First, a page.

Alison Rumfitt’s Tell Me I’m Worthless is a dark, unflinching haunted house story that confronts both supernatural and real-world horrors through the lens of the modern-day trans experience.
“Ambitious, brutal, and brilliant.” —Gretchen Felker-Martin, author of Manhunt
Three years ago, Alice spent one night in an abandoned house with her friends, Ila and Hannah. Since then, things have not been going well. Alice is living a haunted existence, barely keeping herself afloat by selling videos of herself cleaning her apartment, and drinking herself to sleep. She hasn’t spoken to Ila since they went into the House. She hasn’t seen Hannah either.
Memories of that night torment Alice’s mind and her flesh, but when Ila asks her to return to the House, to go past the KEEP OUT sign and over the sick earth where teenagers dare each other to venture, Alice knows she must go.
Together, Alice and Ila must face the horrifying occurrences that happened there, must pull themselves apart from the inside out, put their differences aside, and try to rescue Hannah, whom the House has chosen to make its own.
Cutting, disruptive, and darkly funny, Tell Me I’m Worthless is a vital work of trans fiction that examines the devastating effects of trauma and the way fascism makes us destroy ourselves and each other.
ALISON RUMFITT is a writer and semi-professional trans woman. Her debut pamphlet of poetry, The T(y)ranny, was a critical deconstruction of Margaret Atwood’s work through the lens of a trans woman navigating her own misogynistic dystopia. It was published by Zarf Editions in 2019. Tell Me I’m Worthless is her debut novel. Her work has appeared in countless publications such as SPORAZINE, datableed, The Final Girls, Burning House Press, SOFT CARTEL, Glass Poetry and more. Her poetry was nominated – twice! – for the Rhysling Award in 2018. She loves her friends.
Praise for Tell Me I’m Worthless
“A gripping, hallucinogenic haunted house novel as righteously angry as it is horrifying, Tell Me I’m Worthless unflinchingly lays bare the personal and cultural scars we wear, endure, and inflict.” —Paul Tremblay, author of The Cabin at the End of the World and The Pallbearers Club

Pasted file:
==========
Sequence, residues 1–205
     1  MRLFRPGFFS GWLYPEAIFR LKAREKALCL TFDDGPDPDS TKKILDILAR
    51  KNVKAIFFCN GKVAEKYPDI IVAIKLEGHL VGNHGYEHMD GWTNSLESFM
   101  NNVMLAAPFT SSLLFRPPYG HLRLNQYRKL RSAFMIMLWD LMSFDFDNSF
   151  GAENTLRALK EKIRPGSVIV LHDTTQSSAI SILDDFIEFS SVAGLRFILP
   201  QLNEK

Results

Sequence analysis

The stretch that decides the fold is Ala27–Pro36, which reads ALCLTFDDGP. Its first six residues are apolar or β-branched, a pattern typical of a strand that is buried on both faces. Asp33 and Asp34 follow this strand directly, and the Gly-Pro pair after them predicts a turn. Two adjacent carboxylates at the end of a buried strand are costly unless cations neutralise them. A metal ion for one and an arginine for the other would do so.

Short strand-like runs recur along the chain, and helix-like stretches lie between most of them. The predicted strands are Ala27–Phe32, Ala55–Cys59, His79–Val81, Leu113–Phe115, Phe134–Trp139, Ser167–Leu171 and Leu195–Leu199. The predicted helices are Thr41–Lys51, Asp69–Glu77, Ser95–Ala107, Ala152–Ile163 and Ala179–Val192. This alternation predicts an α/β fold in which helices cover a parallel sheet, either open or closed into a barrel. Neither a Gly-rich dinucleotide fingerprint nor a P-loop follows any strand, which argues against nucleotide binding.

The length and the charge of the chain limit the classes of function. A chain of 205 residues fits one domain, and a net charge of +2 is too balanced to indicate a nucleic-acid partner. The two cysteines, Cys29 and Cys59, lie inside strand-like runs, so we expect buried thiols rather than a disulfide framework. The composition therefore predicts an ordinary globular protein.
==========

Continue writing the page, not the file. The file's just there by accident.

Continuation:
“Chilling, bone-deep horror as humane as it is hideous. Tell Me I’m Worthless is ambitious, brutal, and brilliant.” —Gretchen Felker-Martin, author of Manhunt
“An utterly harrowing experience. Like all iconic masterworks of horror fiction, Tell Me I’m Worthless rips you apart and then tenderly pieces you together until you’re something entirely new.” —Eric LaRocca, author of Things Have Gotten Worse Since We Last Spoke
“An important book, as transgressive and trans as they come.” —Isabel Waidner, author of Sterling Karat Gold and We Are Made of Diamond Stuff
“A sharp and visceral novel which bends the horror genre to its will. Tell Me I’m Worthless holds a gruesome mirror up to the way it feels to live now. I absolutely tore through this book” —Julia Armfield, author of Salt Slow and Our Wives Under the Sea
“Punk in every sense of the word, this is a debut unlike anything you’ve read before. Rumfitt’s horrifying talent shrieks out from every page and rings in your ears for days.” —Eliza Clark, author of Boy Parts
“The most startlingly original haunted house story I have read, this is intense, multi-layered and very, very creepy.” —Lucie McKnight Hardy, author of Water Shall Refuse Them
“Gripping, unsettling, compulsive, spicy, and, in the end, deeply moving. I loved it.” —Molly Smith, co-author of Revolting Prostitutes
“An exquisitely terrifying journey…. Alison Rumfitt’s astute observations of today’s violent cultural landscape work only too well as a tale of gothic horror. But Tell Me I’m Worthless is also full of beauty, empathy and, ultimately, love. I’ll never forget this book.” —Frankie Miren, author of The Service
“A deeply affecting and sharp-eyed book, Tell Me I’m Worthless collages and distorts the horror genre to create something truly unique, vastly compelling and very, very frightening.” —Alice Ash, author of Paradise Block
“Alison Rumfitt’s superlative trans horror picks a fight with the poisonous state of modernity and fearlessly attacks it head on. Vital, thrilling, utterly alive.” —Gary Budden, author of London Incognita